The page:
A new survey from the Foodwest shows that a third of Finns occasionally leave meat out of their weekly diets and one in five is actively reducing meat consumption.
The study found that the national trend for meat reduction has remained strong in Finland.
Researcher, Emmi Penttilä, said: “In 2012 we found that meat consumption is going down, and the tendency is ongoing. Five years ago one in ten respondents had cut down on meat; now it is one in five.”
“This year more people told us they were motivated to cut down on meat due to the sheer pleasure of eating vegetarian food.
“Personal taste in this may in fact have little to do with social or global factors.”
Interestingly, the study found that young urban women are the most likely to cut meat from their diets and older men are the most likely to consume animal products regularly.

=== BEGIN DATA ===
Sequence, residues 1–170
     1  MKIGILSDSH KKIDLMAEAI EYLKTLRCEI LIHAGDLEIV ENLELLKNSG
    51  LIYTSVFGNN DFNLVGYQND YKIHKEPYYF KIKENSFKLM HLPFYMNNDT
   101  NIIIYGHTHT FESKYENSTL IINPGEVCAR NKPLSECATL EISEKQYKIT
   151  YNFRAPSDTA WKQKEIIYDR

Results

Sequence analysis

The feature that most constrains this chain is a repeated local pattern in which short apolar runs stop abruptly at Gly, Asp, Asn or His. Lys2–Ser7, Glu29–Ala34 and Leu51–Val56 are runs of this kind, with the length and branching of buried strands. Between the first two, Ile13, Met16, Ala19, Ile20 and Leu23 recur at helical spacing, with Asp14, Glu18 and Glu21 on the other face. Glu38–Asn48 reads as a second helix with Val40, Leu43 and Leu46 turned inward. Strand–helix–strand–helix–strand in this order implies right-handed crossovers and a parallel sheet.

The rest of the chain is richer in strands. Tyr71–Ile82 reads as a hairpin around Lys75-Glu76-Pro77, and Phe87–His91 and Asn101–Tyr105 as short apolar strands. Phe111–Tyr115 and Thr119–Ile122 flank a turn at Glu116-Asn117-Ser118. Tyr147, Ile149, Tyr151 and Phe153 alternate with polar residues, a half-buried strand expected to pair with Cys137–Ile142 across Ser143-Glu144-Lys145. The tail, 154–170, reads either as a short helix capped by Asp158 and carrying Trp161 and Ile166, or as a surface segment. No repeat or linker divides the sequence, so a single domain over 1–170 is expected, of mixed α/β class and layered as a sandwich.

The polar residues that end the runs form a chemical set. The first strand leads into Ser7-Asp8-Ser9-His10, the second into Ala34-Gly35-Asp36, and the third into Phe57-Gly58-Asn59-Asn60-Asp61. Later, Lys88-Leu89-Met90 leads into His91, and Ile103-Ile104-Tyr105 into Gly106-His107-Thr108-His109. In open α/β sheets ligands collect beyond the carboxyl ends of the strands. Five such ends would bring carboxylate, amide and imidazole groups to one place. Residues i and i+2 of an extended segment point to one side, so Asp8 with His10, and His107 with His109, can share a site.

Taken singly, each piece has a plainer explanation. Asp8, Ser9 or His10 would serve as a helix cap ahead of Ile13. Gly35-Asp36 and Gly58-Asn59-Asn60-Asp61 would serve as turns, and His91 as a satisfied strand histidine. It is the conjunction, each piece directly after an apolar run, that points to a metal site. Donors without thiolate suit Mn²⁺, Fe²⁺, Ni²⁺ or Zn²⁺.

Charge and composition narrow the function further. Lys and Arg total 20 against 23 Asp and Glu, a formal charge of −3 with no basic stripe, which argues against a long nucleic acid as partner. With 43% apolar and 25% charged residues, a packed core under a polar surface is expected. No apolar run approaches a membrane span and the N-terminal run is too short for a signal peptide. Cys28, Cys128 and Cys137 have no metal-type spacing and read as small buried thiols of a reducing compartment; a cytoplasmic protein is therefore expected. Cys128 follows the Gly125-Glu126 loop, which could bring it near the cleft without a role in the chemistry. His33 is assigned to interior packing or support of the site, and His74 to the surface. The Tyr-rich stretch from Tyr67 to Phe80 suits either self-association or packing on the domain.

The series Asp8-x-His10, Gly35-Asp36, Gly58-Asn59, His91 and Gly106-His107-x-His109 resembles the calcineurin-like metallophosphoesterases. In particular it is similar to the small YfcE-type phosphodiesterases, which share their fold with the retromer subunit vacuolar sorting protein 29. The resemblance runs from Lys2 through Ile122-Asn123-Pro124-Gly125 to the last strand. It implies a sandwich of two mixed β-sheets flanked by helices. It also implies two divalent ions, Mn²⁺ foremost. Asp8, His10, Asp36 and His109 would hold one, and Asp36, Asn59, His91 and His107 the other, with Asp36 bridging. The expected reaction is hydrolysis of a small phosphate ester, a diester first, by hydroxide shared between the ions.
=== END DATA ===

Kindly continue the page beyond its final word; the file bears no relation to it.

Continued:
However, there is still a long way to go for Finland to be a nation of plant-based eaters.
The Natural Resources Institute reports that meat consumption in Finland is growing on average and it is estimated that around 93 per cent of the population eats meat.
However, with an increase in meat reduction among the younger generation we are sure to see the tides change in Finland in the future.